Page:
With all the focus on Europe, investors tend to forget that Japan actually has the world's largest debt/GDP ratio at 220%. Yet, Japanese bonds pay extremely low yields (less than 1% on ten year bonds) and are generally considered safe. Although investors are aware of the demographic and structural economic problems affecting the country, the Yen and Japanese bonds have held up well over the past few years. Due to increased deterioration of the Japanese economy and government finances and a Euro panic induced bond rally, I now believe it is finally time to begin taking short positions on Japanese debt (JGBS).
Economic developments in Japan over the past few weeks hint at the beginning of a sovereign bond breakdown. On January 5th, Japan announced that it recorded its first trade deficit since 1963. With the aging of the Japanese workforce and a strong Yen, trade deficits are likely to continue and make Japanese markets more dependent on foreign capital inflows. The new Japanese government is also proposing severe austerity measures such as doubling the national sales tax which will slow down an already weak Japanese economy and reduce exports. In addition, Japan faces the highest amount of debt rollover of any developed country in 2012 at the amount of three trillion dollars.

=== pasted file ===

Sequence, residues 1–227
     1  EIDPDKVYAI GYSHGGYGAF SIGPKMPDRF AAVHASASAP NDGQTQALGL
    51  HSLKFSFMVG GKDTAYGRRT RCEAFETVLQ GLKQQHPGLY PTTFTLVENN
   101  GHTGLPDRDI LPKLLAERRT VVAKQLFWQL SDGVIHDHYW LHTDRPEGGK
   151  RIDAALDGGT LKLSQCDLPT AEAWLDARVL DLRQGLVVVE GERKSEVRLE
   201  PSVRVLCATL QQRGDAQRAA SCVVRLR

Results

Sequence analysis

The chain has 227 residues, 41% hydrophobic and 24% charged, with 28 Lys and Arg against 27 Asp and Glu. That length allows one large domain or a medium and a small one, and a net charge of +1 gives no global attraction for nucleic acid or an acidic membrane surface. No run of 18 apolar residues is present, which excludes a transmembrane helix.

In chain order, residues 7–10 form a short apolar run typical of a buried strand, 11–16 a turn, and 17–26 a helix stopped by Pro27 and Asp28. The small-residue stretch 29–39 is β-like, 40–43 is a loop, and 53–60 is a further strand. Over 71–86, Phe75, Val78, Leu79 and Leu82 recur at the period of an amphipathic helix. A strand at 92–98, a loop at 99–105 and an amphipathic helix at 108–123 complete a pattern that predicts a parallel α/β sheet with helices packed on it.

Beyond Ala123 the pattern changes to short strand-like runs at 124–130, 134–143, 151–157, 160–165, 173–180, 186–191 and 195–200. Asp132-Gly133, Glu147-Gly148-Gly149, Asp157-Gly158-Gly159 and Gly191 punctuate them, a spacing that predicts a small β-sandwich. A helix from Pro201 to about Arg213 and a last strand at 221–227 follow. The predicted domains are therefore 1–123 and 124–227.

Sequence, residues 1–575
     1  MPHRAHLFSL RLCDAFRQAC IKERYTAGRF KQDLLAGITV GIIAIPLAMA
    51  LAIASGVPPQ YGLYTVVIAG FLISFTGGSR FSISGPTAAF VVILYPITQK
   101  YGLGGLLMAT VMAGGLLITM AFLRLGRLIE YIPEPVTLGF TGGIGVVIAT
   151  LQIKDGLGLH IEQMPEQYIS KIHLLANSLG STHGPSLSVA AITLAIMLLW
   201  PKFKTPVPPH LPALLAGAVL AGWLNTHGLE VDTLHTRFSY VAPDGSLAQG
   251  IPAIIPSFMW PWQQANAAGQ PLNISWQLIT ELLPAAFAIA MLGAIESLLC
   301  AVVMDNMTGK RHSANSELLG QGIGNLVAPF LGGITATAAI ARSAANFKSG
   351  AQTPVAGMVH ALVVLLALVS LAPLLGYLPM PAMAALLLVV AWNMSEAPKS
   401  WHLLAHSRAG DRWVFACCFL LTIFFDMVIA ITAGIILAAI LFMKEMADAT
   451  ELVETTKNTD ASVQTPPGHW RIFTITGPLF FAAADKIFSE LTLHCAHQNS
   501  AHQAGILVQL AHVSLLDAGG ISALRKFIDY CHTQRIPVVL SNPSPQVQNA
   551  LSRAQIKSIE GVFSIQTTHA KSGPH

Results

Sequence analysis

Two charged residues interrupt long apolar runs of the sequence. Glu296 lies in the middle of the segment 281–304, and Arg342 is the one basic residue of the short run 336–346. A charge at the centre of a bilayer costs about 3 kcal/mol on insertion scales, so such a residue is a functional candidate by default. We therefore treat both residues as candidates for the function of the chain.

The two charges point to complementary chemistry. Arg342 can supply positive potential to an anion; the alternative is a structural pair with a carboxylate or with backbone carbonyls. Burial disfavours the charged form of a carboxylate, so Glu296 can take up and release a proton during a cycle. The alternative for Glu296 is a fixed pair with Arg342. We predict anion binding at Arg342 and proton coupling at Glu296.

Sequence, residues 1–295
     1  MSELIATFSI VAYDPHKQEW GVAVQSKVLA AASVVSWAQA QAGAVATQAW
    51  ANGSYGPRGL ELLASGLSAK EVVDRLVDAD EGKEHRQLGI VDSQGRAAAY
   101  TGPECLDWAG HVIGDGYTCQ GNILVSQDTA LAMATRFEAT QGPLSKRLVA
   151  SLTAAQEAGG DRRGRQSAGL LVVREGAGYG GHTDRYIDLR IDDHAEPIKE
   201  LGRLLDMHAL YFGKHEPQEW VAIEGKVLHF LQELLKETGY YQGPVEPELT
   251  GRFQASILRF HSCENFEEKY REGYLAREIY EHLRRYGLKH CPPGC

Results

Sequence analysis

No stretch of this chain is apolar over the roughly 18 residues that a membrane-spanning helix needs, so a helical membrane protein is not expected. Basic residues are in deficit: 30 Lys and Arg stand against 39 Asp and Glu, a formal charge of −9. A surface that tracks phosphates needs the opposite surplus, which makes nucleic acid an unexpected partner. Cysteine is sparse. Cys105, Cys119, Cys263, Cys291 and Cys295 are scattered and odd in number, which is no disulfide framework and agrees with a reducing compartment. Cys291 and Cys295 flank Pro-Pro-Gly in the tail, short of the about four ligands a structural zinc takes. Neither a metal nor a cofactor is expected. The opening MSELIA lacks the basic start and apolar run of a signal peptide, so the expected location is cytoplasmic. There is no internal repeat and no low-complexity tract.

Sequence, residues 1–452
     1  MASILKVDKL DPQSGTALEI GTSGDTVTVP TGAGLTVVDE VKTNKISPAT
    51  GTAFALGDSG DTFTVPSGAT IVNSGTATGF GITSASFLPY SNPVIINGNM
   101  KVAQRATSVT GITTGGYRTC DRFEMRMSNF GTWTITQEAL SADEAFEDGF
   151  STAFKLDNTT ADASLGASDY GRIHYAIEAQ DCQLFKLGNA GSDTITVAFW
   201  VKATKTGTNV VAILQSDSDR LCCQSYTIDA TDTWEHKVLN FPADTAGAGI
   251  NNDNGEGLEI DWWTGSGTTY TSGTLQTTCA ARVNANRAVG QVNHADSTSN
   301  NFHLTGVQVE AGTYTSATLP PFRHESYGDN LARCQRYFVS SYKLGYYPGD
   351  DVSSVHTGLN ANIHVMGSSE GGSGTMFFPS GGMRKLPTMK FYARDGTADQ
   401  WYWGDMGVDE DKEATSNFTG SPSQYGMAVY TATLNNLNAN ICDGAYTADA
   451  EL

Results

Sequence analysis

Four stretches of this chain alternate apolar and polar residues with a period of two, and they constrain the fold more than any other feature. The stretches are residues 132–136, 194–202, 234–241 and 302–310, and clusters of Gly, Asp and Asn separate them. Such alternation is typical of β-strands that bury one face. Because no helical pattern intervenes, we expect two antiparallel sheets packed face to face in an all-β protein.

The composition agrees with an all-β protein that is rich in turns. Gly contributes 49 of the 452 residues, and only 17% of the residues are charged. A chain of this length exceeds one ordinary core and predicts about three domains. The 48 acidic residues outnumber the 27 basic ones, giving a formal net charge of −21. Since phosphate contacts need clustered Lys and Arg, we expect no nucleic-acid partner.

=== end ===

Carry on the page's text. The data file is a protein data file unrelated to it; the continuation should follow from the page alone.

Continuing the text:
Demographic trends will force local Japanese pension funds and individual investors to be net sellers of bonds. As a result, foreign investment or central bank intervention will be needed to support the Japanese bond market. Since foreigners will not be willing to buy Japanese debts at such low yields, Japan will not be able to refinance their debt at less than 1%, without the risk of severe debasement of the Yen. Either the weakening of the Yen or rising debt yield expectations are very bearish for bonds.
Japanese 10 year bond yield chart
Crisis in Europe will also trigger a Japanese Yen and bond rally that will create an excellent top to enter short positions. Japanese bonds rallied sharply during Monday's Asian session and panic related to a Greek/Portuguese default or future solvency issues of bigger European governments will lead to an extended flight to safety in the Yen and Yen denominated bonds. However, once this fear driven rally subsides, Japan will replace Greece and Italy in the headlines and the speculative attack on Japanese bonds and the Yen will begin. The best way for individual investors to enter this would be to buy the inverse Japanese bond ETFs (JGBS or JGBD for 3X leverage) or through shorting the Yen (FXY).